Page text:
She wasn't trying to tell me about the lasagna again. She was trying to tell me the cheddar-cheese soup was also cold.
So now that was terrible, and my fault.
Trivia: In Athens of about the fifth century BCE the name of the fifth month of the year was Maimakterion. Source: Mapping Time: The Calendar and its History, EG Richards.
Currently Reading: Mike Fink: King of Mississippi Keelboatmen, Walter Blair, Franklin J Meine. 1930s book about the then-being-forgotten, now-quite-forgotten 19th century frontiersman legend. Which has some good parts. One could make the argument that braggadocio is the first and truest American art form, for example. And 19th-century frontier-legend braggadocio just had incredibly good game, braggadocio good enough that merely bragging about it would be false humility (``[ his daughter Sal Fink ] fought a duel once with a thunderbolt, an' came off without a single scratch, while at the fust fire, she split the thunderbolt all to flinders, an' gave the pieces to Uncle Sam's artillerymen, to touch off their cannon with''). But the book also has some really ... uh ... oy parts, like everything mentioning the Indians (like, the anecdote quoted above ends with Sal Fink dragging fifty Indians into the fire they meant to burn her in).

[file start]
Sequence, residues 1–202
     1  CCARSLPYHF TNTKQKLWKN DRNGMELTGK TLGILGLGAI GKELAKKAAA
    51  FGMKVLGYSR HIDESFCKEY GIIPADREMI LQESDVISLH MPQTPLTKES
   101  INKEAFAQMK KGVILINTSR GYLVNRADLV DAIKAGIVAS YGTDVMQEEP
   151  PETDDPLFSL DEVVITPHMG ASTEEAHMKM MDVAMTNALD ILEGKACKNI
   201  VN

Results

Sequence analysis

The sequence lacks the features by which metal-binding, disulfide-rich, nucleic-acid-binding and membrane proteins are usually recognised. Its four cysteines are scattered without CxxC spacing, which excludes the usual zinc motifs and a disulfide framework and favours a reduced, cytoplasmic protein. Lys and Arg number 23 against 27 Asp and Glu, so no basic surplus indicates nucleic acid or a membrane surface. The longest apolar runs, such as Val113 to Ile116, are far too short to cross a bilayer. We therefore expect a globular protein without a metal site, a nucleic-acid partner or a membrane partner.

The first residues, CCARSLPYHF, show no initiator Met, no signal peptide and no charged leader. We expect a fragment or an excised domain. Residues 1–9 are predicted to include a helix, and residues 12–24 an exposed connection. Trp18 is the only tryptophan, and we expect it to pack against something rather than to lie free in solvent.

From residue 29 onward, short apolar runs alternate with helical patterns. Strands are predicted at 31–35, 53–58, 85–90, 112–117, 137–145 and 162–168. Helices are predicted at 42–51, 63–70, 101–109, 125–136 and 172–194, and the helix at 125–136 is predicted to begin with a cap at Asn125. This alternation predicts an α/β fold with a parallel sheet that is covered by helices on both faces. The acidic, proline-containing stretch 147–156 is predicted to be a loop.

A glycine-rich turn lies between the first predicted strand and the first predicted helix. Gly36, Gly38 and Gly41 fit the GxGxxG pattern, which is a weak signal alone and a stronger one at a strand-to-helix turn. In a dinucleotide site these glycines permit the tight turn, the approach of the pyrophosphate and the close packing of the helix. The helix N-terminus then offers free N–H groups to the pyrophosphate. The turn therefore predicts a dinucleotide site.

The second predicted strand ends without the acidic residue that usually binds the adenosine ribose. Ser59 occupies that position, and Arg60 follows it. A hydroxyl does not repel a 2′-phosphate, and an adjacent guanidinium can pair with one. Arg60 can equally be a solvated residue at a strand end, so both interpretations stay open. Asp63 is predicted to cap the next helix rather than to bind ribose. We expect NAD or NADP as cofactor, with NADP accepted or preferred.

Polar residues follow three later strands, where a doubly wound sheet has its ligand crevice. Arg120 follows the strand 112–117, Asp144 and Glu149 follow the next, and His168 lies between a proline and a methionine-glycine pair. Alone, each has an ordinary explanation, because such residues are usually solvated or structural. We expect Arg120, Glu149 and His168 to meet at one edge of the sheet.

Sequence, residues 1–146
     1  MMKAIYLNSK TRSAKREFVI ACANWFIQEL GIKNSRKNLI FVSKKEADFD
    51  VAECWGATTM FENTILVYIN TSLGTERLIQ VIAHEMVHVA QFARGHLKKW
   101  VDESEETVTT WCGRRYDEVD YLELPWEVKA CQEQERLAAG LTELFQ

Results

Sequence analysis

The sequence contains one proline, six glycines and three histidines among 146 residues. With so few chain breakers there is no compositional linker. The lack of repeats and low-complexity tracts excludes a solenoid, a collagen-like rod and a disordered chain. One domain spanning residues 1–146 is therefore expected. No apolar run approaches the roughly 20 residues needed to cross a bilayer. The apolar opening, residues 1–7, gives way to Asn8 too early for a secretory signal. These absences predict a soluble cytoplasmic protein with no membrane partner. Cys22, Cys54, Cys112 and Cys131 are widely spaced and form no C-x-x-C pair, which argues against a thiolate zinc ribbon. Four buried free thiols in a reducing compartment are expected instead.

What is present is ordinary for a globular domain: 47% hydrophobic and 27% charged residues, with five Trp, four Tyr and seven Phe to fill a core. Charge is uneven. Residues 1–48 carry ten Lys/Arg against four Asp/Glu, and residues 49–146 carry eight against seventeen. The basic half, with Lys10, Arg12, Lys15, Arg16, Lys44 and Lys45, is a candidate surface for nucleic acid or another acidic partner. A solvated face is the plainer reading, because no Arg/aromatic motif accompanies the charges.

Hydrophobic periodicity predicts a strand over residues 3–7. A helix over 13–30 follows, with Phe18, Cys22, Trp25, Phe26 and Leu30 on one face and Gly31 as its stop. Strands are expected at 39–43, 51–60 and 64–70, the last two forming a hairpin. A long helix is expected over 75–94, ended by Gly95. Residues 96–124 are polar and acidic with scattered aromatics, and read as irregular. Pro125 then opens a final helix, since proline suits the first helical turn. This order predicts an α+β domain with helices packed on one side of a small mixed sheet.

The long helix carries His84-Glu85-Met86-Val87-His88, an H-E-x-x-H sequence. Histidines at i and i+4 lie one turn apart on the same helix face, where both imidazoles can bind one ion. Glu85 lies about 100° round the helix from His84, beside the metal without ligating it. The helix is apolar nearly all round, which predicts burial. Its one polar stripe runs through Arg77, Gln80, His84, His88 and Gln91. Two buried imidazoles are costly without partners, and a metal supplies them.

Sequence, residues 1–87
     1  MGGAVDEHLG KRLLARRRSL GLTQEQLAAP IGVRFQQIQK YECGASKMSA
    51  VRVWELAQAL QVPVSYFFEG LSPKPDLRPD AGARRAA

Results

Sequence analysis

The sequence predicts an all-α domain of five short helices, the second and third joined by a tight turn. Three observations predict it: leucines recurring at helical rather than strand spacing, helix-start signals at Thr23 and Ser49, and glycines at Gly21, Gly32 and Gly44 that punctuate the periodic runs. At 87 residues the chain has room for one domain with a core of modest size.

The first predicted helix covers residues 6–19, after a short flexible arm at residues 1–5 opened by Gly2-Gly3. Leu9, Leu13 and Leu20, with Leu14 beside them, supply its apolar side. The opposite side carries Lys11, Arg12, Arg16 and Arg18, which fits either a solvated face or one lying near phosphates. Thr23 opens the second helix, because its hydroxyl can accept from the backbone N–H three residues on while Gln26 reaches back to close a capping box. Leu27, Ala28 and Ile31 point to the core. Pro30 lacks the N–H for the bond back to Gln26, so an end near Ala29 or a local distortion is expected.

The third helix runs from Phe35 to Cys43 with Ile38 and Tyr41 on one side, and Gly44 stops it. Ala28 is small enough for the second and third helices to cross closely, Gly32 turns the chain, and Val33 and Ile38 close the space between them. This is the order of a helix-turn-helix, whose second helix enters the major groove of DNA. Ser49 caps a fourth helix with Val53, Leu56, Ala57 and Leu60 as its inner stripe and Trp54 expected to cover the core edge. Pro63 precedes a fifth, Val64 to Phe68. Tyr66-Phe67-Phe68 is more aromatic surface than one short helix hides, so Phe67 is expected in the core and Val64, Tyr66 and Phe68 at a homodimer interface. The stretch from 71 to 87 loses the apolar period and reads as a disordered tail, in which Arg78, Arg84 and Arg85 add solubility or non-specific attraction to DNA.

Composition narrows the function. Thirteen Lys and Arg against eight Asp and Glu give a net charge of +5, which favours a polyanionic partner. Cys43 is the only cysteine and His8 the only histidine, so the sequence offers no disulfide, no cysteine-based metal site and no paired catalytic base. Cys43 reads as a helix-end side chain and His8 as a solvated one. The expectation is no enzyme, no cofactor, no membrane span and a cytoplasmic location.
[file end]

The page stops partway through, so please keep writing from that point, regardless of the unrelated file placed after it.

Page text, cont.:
PS: Reading the Comics, April 26, 2019: Absurd Equation Edition so hey, technically I posted double-digits numbers of articles on my mathematics blog in April!
PPS: Not terrible is the Ruthven Museums Building, although it is of the stuffed remains of long-dead animals for now.
And a gallery of squirrels of Michigan, counting the red, the grey, and the fox squirrel. Not depicted: the black squirrels that are all over Lansing. (Yes, yes, black squirrels are just greys. Still, there's a lot of them in parts of the state.)
And the display of small weasels, going all the way down to the Least Weasel, which is about two-thirds its own size.
Here's your prime pack o' opossums.